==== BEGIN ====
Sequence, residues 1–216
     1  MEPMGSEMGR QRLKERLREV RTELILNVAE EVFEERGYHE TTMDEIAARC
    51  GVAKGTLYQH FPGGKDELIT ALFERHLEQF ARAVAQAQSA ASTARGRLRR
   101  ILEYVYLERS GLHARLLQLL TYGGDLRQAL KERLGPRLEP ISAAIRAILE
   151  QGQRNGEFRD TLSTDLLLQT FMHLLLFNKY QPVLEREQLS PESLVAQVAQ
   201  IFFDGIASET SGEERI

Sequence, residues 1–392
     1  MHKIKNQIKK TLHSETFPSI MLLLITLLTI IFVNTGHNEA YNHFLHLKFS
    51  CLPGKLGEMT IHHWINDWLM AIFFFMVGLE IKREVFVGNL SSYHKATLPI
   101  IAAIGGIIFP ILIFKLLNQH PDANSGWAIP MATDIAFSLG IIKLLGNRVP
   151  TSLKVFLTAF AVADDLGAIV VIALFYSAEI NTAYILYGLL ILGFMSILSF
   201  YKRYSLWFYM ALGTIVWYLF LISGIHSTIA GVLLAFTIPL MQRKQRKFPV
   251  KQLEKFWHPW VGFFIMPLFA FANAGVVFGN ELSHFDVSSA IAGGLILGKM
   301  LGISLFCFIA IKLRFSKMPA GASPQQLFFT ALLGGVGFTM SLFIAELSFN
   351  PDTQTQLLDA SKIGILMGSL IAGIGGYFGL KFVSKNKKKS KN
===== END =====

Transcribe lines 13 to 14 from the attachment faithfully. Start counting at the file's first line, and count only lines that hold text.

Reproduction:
   251  KQLEKFWHPW VGFFIMPLFA FANAGVVFGN ELSHFDVSSA IAGGLILGKM
   301  LGISLFCFIA IKLRFSKMPA GASPQQLFFT ALLGGVGFTM SLFIAELSFN